Dirty business

Published: March 2007

Silvia Andrade led a good life in Argentina. A well-educated woman from a middle–class family, Andrade was the owner of a Buenos Aires freight company. Things changed for Andrade and others as the economically fragile country, saddled by foreign aid debt, quadruple–digit inflation, and political instability, slid into a recession in the 1990s. In December 2001, Argentina experienced the worst economic crisis in its history, a meltdown caused by the resignation of its president, a 70 percent devaluation of the Argentine peso, and a jobless rate of more than 21 percent.

Andrade, then in her early forties and a divorced mother of young children, lost her business and became a cartonera, scavenger. With 40,000 others, she eked out a living by selling paper and cardboard discarded on city streets to recycling companies. Collectively, cartoneros gathered 450 to 900 tons of garbage a day.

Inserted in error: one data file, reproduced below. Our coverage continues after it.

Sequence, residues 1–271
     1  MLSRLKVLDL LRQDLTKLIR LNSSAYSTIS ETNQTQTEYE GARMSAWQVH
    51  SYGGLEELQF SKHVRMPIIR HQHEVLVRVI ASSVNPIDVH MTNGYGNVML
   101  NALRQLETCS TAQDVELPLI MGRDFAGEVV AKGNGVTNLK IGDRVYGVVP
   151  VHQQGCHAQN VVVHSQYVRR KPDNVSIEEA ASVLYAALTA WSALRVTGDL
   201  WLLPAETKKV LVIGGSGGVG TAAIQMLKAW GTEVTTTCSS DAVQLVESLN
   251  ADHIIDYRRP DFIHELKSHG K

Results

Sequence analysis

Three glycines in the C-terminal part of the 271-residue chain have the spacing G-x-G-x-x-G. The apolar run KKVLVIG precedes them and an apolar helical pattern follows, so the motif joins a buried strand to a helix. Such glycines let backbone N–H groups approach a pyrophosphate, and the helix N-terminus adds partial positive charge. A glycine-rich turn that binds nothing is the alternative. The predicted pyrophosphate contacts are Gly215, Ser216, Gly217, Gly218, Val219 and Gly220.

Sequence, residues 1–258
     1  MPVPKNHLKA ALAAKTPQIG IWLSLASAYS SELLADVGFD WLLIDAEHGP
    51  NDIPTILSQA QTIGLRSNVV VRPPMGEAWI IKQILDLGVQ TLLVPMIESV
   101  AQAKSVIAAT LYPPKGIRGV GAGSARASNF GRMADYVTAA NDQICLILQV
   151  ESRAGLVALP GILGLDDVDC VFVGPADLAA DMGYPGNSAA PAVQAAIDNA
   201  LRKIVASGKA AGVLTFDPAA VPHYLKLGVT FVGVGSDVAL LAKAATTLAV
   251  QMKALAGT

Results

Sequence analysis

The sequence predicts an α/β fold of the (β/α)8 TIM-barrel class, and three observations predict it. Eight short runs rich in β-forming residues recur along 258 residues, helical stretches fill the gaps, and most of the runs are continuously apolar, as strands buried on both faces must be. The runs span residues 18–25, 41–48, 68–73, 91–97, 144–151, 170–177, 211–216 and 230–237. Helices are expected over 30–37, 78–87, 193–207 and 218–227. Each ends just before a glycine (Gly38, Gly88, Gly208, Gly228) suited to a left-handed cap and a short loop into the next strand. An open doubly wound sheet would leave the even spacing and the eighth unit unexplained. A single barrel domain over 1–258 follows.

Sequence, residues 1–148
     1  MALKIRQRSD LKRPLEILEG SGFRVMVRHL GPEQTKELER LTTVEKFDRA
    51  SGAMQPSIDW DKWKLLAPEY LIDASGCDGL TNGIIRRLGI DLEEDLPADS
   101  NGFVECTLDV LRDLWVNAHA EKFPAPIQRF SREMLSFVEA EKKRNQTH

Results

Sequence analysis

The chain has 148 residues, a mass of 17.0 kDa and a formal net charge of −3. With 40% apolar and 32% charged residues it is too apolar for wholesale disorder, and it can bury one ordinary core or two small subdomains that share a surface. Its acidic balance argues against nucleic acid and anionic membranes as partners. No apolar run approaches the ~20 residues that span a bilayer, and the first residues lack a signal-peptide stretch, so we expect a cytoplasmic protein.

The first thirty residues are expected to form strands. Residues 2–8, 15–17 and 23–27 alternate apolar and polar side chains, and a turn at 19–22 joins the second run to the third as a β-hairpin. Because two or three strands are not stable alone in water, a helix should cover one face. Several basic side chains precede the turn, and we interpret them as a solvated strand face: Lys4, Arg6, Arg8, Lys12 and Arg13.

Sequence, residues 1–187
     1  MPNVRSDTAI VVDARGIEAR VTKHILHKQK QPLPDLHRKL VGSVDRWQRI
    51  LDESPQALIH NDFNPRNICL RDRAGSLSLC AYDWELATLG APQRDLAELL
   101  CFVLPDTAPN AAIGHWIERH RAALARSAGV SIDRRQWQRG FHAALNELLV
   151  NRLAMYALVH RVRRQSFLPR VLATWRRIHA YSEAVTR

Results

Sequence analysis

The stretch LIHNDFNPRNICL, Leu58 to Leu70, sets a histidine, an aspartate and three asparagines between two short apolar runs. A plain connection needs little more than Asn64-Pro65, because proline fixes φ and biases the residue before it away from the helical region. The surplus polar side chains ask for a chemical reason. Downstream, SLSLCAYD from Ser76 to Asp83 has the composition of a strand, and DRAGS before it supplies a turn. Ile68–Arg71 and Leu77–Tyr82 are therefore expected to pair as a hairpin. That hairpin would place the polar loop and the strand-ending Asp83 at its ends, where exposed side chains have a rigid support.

Her story is one of many in the documentary film Cartoneros, directed by Ernesto Livon-Grosman, associate professor of Hispanic studies and a native of Argentina. During a visit to his homeland in 2001, Livon–Grossman was moved by “all these people combing the city for garbage” and decided to make a film recording the phenomenon. Over the next three years, he shot more than 60 hours of film.

Already invited to a half-dozen festivals throughout the country, the film was first screened at the University on March 15 as part of the “Writers Among Us” series, which features the creative work of faculty. The series is sponsored by Boston College Magazine and the Office of the Provost. @BC presents the first 12 minutes of the hour–long documentary, which is Livon–Grossman’s first film. Cartoneros will be shown next at the Finger Lake Film Festival in late March. To learn more about future screenings, please visit: www.cartonerosdoc.com

This feature was posted on Tuesday, March 20, 2007 and is filed under Videos.